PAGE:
Saturday, October 15, 2016

Delphi Perspectives: Kick-Start or the Last Kicks?

I've received another e-mail offer from Embarcadero to upgrade my Delphi 10.1 Berlin Starter Edition to Professional for €749 (claiming to save over €2000). The offer is valid this weekend only and includes:
  1. Delphi 10.1 Berlin Professional upgrade
  2. Mobile Add-On Pack
  3. "Bonus Packet" with VCL and FireMonkey Styles, Konopka VCL Controls and Marco Cantù's Object Pascal Handbook
After Embarcadero shut down their R&D centers (with no public statement) and let go of people like Allen Bauer and David Intersimone I start wondering: Is this the beginning of the final sell-out? On a more positive note, the new General Manager mentioned in an interview (PDF) that they wanted to attract new developers and get back into education. Hints of this happening are already here.

Let's see what happens...

Sunday, September 11, 2016

Potential Deadlocks in Parallel.For

Recently, I've come across some C# code deadlocking quite reproducibly while executing some tasks using Parallel.For method. The seemingly innocuous code lead to an "obscure situation" exactly as described in this blog post by Stephen Toub:
Does Parallel.For use one Task per iteration?
...iterations are handed out in indivisible chunks, and only one thread is involved in the processing of a particular chunk. This has implications for interdependencies between iterations. If iteration i blocks waiting for iteration i + 1 to be completed, and iterations i and i + 1 are both allocated to the same chunk, the loop will likely deadlock. The thread processing those iterations will block processing iteration i, but as that thread is also responsible for processing iteration i + 1, iteration i + 1 will never get processed and iteration i will never unblock.
The problem in this case was exactly as described above: there were blocking wait dependencies between the tasks in a producer/consumer pattern. The solution (once the problem was clear) was relatively simple: don't rely on the default partitioning of Parallel.For; provide your own to avoid the potential deadlock.

A good framework or library can provide you with a good-enough solution in a large-enough percentage of possible use cases (probably making some compromises to achieve that goal). Don't expect a pre-fabricated solution to solve all your problems out of the box; There is no silver bullet.

Here's some interesting reading about the Parallel.For implementation in .NET and trade-offs between simplicity, overheads, and load balancing:
Patterns of Parallel Programming (Understanding and Applying Parallel Patterns with the .NET Framework and Visual C#)

Friday, September 02, 2016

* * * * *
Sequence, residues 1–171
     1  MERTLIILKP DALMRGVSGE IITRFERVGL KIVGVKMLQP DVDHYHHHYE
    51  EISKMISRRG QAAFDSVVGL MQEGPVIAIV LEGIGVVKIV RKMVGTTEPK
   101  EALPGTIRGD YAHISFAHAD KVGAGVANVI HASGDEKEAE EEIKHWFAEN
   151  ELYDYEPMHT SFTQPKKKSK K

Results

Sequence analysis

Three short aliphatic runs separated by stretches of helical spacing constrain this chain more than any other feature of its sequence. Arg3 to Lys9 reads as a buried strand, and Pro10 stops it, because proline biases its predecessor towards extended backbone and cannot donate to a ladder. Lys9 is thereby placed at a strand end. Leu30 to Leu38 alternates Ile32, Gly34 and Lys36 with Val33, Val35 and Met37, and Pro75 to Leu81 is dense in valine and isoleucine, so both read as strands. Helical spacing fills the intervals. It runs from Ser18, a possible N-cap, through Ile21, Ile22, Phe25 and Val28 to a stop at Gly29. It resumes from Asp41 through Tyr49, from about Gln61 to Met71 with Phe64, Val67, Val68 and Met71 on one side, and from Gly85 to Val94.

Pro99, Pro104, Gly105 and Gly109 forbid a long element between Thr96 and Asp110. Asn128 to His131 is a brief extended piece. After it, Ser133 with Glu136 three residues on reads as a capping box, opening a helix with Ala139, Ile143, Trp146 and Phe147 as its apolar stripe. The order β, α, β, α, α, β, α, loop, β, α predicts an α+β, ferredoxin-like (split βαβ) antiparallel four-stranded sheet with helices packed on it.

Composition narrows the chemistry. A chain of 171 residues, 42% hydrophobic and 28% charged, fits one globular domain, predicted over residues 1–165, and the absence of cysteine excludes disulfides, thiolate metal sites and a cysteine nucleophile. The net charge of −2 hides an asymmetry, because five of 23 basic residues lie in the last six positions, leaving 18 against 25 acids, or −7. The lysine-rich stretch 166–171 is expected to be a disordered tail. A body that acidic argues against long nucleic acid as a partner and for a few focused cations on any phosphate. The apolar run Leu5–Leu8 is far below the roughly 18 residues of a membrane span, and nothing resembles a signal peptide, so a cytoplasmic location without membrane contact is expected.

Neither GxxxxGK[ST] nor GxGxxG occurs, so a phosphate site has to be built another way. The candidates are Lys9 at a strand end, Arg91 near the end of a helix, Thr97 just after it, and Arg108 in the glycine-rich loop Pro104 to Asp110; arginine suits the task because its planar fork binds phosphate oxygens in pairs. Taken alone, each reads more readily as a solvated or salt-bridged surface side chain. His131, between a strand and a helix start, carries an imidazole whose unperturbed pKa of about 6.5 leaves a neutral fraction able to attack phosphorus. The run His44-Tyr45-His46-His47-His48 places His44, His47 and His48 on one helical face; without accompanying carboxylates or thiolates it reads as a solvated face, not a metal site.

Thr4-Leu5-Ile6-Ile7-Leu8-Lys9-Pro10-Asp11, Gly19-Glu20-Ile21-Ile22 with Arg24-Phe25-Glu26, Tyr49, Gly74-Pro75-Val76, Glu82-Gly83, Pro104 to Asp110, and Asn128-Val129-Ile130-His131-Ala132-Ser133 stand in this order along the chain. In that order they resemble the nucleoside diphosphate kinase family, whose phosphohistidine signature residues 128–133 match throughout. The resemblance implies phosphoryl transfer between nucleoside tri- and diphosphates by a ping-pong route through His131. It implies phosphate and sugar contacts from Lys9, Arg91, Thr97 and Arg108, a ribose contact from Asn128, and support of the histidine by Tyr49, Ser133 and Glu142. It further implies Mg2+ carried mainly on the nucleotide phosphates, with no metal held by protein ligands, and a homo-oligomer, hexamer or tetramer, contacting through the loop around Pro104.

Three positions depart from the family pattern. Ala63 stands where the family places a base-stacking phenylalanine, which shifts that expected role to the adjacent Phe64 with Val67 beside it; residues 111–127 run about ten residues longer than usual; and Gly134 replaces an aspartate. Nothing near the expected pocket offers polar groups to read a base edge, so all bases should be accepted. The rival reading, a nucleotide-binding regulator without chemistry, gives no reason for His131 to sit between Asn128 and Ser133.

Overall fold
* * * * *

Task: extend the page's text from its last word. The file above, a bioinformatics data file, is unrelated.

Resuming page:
No runtime type information on interface properties

You might have tried to decorate an interface property in Delphi with a custom attribute like in this question on StackOverflow.

Unfortunately, that won't work, as I explained in my answer. No runtime type information is generated for interface properties so your attribute will have no effect, even though there's no compiler warning. You can try the code below which demonstrates it.

Of course, if you can prove me wrong or have another idea please let me know in a comment here. Thanks!

Here's the code:

program Test;

{$APPTYPE CONSOLE}

{$R *.res}

uses
  System.SysUtils,
  System.Rtti;

type
  TTestAttribute = class(TCustomAttribute)
  private
    FName: string;
  public
    constructor Create(const AName: string);
    property Name: string read FName;
  end;

  [TTestAttribute('AtInterface')]
  ITestInterface = interface(IInvokable)
    ['{92A8107E-B40E-4786-A02E-251EA0DB3937}']
    [TTestAttribute('AtMethod')]
    function GetValue: string;
    [TTestAttribute('AtMethod')]
    procedure SetValue(const AValue: string);
    [TTestAttribute('AtProperty')]
    property Value: string read GetValue write SetValue;
  end;

constructor TTestAttribute.Create(const AName: string);
begin
  inherited Create;
  FName := AName;
end;

procedure ShowAttributes(const Attributes: TArray<TCustomAttribute>);
var
  Attr: TCustomAttribute;
begin
  for Attr in Attributes do
    if Attr is TTestAttribute then
      Writeln(Format('%s(''%s'')', [Attr.ClassName, TTestAttribute(Attr).Name]))
    else
      Writeln(Attr.ClassName);
end;

procedure Main;
var
  Ctx: TRttiContext;
  AType: TRttiInterfaceType;
  Attributes: TArray<TCustomAttribute>;
  Method: TRttiMethod;
  Prop: TRttiProperty;
begin
  Ctx := TRttiContext.Create;
  AType := Ctx.GetType(TypeInfo(ITestInterface)) as TRttiInterfaceType;
  Writeln(Format('Attributes on the interface ''%s'':', [AType.Name]));
  ShowAttributes(AType.GetAttributes);
  Writeln;
  for Method in AType.GetMethods do
  begin
    Writeln(Format('Attributes on method ''%s'':', [Method.Name]));
    ShowAttributes(Method.GetAttributes);
  end;
  Writeln;
  for Prop in AType.GetProperties do
  begin
    Writeln(Format('Attributes on property ''%s'':', [Prop.Name]));
    ShowAttributes(Prop.GetAttributes);
  end;
end;

begin
  try
    Main;
    Readln;
  except
    on E: Exception do
    begin
      ExitCode := 1;
      Writeln(Format('[%s] %s', [E.ClassName, E.Message]));
    end;
  end;
end.

This produces the following output:

Attributes on the interface:
TTestAttribute('AtInterface')

Attributes on method 'GetValue':
TTestAttribute('AtMethod')
Attributes on method 'SetValue':
TTestAttribute('AtMethod')

Already the call to AType.GetProperties returns an empty array; there is no RTTI for interface properties.